Trying to categorize John Hurt is almost impossible, as he worked in so many traditions: country blues, gospel, and within the larger fabric of American folk music. He was a Southern “songster” who recorded some sides in 1928 and then disappeared for over three decades, reemerging in the early ’60s as young white audiences rediscovered our nation’s roots music. And unlike the category of true Delta blues, Hurt’s peripatetic bass lines have far more to do with Piedmont blues, ragtime, and stride-piano approaches.
This live set was cut during Hurt’s career renaissance and features the guitarist singing and fingerpicking, likely on a Guild flat-top. The audio is terrific – more than a half-century later, it sounds like he’s in the room with the listener, John’s soft-spoken vocals on “Candy Man” drawing you into the music.
“My Creole Belle” lopes along at a friendly pace, but never doubt the virtuosity behind it: Hurt was a one-man tour de force, playing all bass and harmony parts on guitar and singing alternately tender, spiritual, or witty lyrics on top. The lyrics and intricate picking in his murder-ballad “Frankie And Albert” are another highpoint.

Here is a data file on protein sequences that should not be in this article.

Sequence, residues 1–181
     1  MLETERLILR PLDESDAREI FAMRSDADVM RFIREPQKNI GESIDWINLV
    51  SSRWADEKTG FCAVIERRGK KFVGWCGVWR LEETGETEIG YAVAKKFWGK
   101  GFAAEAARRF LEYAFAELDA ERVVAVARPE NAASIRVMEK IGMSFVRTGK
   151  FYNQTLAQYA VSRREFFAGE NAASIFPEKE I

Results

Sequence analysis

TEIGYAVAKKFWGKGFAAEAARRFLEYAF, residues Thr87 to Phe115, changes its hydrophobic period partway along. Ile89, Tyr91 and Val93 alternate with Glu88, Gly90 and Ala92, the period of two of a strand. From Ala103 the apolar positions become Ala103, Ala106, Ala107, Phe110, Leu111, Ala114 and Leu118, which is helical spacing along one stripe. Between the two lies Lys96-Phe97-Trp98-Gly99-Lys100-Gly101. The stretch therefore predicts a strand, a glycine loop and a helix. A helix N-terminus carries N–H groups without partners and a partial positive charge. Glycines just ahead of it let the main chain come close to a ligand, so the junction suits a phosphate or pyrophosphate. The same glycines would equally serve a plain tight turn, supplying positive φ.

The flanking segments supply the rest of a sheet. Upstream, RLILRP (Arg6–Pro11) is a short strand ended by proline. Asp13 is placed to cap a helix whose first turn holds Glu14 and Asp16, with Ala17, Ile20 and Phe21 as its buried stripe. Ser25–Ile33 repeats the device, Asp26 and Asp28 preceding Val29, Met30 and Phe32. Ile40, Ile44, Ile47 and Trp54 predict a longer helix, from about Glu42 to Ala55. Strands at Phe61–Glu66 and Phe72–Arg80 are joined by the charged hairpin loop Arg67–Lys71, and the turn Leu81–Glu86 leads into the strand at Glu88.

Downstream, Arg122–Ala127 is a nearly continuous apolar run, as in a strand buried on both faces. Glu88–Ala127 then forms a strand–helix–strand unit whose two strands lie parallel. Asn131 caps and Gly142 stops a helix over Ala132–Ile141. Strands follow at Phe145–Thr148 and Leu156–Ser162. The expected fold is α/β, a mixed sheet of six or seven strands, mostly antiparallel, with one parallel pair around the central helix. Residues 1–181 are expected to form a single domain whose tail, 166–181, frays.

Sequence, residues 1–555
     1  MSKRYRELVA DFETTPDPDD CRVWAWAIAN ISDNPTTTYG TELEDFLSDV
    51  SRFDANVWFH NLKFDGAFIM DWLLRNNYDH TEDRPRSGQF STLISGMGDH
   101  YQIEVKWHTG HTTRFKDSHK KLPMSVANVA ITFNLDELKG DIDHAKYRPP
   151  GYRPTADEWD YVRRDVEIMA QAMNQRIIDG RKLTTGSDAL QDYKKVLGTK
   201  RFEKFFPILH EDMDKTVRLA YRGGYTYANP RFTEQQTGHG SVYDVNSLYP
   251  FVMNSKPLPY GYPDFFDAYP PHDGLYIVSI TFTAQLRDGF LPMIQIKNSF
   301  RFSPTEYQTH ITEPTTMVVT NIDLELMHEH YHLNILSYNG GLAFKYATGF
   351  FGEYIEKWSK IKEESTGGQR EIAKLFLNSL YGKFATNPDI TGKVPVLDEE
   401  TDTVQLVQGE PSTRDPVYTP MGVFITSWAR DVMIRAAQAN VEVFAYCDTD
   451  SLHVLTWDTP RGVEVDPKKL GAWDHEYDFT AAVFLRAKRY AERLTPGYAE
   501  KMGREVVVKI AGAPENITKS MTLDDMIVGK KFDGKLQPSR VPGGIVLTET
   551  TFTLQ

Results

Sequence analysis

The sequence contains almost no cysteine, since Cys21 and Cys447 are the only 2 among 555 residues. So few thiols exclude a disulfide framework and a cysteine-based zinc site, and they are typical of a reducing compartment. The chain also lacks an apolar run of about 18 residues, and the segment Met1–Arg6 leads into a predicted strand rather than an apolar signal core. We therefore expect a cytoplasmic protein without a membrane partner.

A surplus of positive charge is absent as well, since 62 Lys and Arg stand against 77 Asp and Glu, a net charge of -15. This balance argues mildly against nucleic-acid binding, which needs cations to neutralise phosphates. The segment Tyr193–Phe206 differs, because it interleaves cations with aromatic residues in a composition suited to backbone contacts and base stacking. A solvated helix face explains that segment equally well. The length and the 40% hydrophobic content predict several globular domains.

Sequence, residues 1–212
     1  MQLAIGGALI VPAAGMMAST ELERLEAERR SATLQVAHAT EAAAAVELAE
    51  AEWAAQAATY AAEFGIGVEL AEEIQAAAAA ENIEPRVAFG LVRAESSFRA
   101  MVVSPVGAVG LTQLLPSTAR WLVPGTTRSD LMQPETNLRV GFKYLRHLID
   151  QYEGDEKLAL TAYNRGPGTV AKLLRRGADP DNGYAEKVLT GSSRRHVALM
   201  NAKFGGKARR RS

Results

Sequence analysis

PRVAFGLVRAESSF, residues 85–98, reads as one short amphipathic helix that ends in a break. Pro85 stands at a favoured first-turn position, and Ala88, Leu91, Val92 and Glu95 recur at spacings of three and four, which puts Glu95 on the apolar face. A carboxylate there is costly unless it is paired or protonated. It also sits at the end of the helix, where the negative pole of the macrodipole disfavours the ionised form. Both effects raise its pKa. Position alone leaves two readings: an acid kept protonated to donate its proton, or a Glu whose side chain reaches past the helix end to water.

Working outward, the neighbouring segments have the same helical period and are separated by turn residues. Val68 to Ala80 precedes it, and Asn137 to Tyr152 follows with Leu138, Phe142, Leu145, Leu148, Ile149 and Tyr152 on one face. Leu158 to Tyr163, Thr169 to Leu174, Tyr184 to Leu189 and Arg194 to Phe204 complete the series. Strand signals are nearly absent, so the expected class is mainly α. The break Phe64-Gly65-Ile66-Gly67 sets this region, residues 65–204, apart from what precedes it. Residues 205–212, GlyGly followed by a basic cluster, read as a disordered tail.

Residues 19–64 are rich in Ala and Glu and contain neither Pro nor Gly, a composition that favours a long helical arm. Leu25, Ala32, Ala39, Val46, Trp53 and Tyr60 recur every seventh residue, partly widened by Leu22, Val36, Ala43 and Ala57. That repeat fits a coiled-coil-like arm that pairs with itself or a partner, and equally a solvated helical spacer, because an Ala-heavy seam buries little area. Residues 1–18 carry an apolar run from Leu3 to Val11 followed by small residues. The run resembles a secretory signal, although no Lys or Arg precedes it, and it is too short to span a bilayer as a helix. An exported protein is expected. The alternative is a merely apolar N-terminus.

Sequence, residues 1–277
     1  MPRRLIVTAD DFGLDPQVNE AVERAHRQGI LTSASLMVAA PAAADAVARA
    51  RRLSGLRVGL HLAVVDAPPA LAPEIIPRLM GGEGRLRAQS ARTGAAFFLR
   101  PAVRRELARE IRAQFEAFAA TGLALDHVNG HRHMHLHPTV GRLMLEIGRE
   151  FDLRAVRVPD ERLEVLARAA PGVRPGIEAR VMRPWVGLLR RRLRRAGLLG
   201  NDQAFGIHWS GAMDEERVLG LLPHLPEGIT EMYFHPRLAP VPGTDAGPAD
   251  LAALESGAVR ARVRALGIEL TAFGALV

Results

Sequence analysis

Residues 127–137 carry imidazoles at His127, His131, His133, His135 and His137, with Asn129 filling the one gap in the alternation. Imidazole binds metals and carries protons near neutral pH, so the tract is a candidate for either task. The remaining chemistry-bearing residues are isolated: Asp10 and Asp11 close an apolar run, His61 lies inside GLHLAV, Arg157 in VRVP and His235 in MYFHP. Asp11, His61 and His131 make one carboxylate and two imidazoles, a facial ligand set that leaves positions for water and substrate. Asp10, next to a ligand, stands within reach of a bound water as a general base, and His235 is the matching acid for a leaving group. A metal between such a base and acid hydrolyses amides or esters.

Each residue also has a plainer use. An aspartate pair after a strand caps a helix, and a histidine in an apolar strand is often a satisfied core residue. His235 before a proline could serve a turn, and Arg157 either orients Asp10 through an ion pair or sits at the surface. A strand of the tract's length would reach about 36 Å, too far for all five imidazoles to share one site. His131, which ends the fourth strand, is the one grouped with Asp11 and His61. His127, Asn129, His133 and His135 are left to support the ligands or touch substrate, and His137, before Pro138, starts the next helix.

All told, this is a telling document, not only of the ’60s blues revival, but of a legendary guitarist who lived, played, and survived in the hardscrabble South of a century ago. It’s powerful stuff.
This article originally appeared in VG October 2017 issue. All copyrights are by the author and Vintage Guitar magazine. Unauthorized replication or use is strictly prohibited.